It does seem that ultranationalist populism can only be cut by counter-populist hyperbole. Responding to the Pakistan Foreign Minister’s invitation to the Kartarpur Corridor ground-breaking, the Punjab Minister replied in a letter: “As our nations take this first step, the Kartarpur Spirit can make pilgrims of us all, venturing out on a journey that breaks the barriers of history and opens the borders of hearts and the mind, a journey that our people can walk together towards a future of shared peace and prosperity for India and Pakistan.”
If you read the words and not the perception some have of the gentleman, the future of Punjab-Punjab, India-Pakistan and South Asia as a whole can be found in the paragraph.
Nothing has been left untried in the effort to ease India-Pakistan tensions — Atal Bihari Vajpayee visiting Minar-e-Pakistan in Lahore; Mr. Modi flying in for Nawaz Sharif’s birthday; secret emissaries rushing hither and yon; and ‘track two’ and ‘track three’ events of every kind.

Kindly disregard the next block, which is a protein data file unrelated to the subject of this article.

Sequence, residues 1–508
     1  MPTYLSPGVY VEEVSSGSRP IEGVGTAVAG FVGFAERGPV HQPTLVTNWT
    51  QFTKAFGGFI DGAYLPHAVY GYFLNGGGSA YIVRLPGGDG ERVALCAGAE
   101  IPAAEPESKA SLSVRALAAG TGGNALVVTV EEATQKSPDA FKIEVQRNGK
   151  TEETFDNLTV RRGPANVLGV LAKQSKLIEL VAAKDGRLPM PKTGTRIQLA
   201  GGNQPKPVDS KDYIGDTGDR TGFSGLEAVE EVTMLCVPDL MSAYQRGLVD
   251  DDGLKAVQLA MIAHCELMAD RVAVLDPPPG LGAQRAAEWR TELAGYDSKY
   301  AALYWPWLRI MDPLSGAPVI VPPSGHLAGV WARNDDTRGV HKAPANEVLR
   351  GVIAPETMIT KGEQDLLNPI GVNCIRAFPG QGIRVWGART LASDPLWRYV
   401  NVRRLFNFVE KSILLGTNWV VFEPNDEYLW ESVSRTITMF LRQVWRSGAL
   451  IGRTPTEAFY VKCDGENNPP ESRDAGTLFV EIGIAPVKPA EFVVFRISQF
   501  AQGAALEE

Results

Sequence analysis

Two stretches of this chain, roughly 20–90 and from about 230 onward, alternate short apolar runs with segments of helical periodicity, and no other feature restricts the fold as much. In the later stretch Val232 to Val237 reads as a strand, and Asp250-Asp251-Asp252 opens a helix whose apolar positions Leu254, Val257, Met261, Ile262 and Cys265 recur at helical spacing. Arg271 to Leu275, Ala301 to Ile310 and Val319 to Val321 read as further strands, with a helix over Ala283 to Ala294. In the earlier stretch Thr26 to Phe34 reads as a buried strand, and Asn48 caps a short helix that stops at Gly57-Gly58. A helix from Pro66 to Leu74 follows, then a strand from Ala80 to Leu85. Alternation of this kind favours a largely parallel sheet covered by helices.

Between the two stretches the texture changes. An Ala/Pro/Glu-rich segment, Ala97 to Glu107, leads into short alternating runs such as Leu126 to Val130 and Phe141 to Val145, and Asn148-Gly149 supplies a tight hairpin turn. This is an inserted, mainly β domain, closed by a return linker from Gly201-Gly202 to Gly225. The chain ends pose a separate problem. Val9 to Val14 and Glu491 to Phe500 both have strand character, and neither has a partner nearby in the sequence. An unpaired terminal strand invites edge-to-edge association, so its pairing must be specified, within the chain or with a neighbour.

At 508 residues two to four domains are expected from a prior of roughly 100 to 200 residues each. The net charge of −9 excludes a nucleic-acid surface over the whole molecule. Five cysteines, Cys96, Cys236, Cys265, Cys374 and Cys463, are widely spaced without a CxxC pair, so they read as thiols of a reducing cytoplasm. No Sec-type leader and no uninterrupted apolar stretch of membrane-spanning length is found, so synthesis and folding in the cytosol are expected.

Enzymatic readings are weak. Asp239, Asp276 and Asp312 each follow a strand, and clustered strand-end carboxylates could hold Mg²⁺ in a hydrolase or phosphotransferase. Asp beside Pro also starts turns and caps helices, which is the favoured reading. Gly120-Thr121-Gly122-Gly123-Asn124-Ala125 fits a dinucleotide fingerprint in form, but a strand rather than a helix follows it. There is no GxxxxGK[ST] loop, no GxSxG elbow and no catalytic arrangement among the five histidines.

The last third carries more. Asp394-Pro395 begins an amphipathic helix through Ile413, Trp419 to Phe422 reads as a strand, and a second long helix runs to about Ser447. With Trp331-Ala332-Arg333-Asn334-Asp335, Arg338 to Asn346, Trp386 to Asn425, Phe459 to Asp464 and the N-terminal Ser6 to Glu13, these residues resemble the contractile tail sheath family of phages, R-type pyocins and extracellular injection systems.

Nothing has worked, and we are today in suspended animation between Mr. Modi’s India-centric vision of the region and the Pakistani military’s control of the geopolitical discourse in Islamabad. At such a time comes the possibility held out by the Kartarpur Corridor.
Punjab province is by far the most powerful sub-national unit of Pakistan. The Indian Punjab may not be as powerful within India in relative terms, but it is no pushover either. The two Punjabs have one history, as the stepping stone for invaders, battlegrounds that go back millennia, the shared tragedy of Partition, and the shared culture and language of Punjabiyat.
Given that South Asian regionalism can only come from a turn towards genuine federalism in India and Pakistan, Punjab Province and Punjab State are the places to start anew. It may just be Punjabiyat is the concept which will help bring India and Pakistan closer to peace, and make South Asia a safer and more prosperous place.
Kanak Mani Dixit, a writer and journalist based in Kathmandu, is the founding editor of the magazine, ‘Himal Southasian’
Updated On: DECEMBER 04, 2018